New entrants to the market may include National Shipping Co of Saudi Arabia (Bahri), according to market sources, and Marafiq, a utility services provider to two industrial cities in Saudi Arabia, which has confirmed it is considering an issue.

Meanwhile, Saudi investment funds and insurers, some of them cash-rich in a booming economy, are keen to put sukuk in their portfolios and willing to accept low returns to obtain them – making them financially attractive for issuers.

Saif believes the market would be helped if Saudi Arabia could develop a local credit rating agency. Beyond its growth in size, the Saudi sukuk market is becoming more sophisticated, moving beyond plain vanilla transactions to more innovative deals.

“A number of innovations were seen in the riyal debt market, including an increase in non-rated issuers coming to market, the sukuk by Gaca that was guaranteed by the Ministry of Finance, bank capital-raising transactions and project sukuk,” says Saif.

“Going forward, we could see seven- or ten-year issues, with even longer tenors for project finance-related deals.”

In the past, sukuk maturities have tended to be shorter-term, of five years or less. Some analysts think a future change in the market could be a shift from asset-based to asset-backed sukuk.

Traditionally, sukuk in the Gulf have been asset-based, meaning the assets generate returns for investors but the investors do not have direct recourse to the assets in case of non-payment.

Asset-backed sukuk offer direct recourse, and are therefore seen by some religious scholars as closer to the spirit of Islamic finance, which emphasises investment in the real economy and spurns monetary speculation.

The recent Binladin Group sukuk, tied to a piece of land in Jeddah, broke new ground, Ure says.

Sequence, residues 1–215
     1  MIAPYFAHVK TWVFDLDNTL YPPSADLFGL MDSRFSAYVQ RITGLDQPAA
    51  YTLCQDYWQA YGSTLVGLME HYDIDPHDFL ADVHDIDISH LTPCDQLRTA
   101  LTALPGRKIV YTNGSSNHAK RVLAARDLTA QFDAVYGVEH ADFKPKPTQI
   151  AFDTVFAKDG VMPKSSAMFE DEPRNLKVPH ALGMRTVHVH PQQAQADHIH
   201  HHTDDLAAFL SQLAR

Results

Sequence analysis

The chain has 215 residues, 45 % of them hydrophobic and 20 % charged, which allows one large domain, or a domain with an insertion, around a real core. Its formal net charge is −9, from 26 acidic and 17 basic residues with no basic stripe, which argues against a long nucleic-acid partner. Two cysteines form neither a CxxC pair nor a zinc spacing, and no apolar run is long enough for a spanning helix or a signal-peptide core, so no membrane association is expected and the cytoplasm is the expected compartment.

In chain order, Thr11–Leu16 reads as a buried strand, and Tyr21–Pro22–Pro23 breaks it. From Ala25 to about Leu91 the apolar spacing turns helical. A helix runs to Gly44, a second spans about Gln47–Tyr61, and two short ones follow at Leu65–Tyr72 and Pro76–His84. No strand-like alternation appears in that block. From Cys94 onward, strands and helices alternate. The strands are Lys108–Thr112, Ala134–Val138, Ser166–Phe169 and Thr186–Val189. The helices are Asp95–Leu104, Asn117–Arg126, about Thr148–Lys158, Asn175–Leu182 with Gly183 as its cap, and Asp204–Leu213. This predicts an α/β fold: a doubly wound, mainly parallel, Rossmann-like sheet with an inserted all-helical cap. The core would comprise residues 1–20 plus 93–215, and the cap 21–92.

“The sukuk doesn’t follow a classic structure, but instead is quasi-asset-backed, with sukuk holders having recourse to both the credit of the obligor and a prime land bank, essentially using dual-recourse (covered bond) technology.”

HSBC’s Saif says he expects in the medium term to see more hybrid perpetual structures, which mimic some of the characteristics of equity because they lack a maturity date.

An irony of Saudi Arabia’s sukuk boom is that foreign investors are largely sitting it out. They are barred from buying directly in the primary market, and secondary market trade is too thin for them to get their hands on any paper – sukuk sales are placed with only around 20-30 local investors on average, most of whom hold onto their allocation until maturity, according to Saif.

The main problem, however, is the returns on riyal sukuk are low compared to what foreign investors can obtain in the international markets. Domestic sukuk supply is still much smaller than demand, so risk-averse Saudi funds – reluctant to invest abroad because of volatility in global markets – are desperate to buy the paper and are bidding down profit rates.

“Although profit rates are determined by prevailing money market rates, the scarcity of riyal issuances means a further 30-40 bps contraction,” says one regional sukuk investor.

The recent Sadara sukuk, which has a lifespan of sixteen years, was priced at 95 basis points over the six-month Saudi interbank offered rate, making its profit rate just under two per cent.

By comparison, Saudi Electricity Co, the Gulf’s largest utility, priced a $1 billion, ten-year dollar-denominated sukuk tranche in the international market last month at 3.473 per cent – a much more attractive return.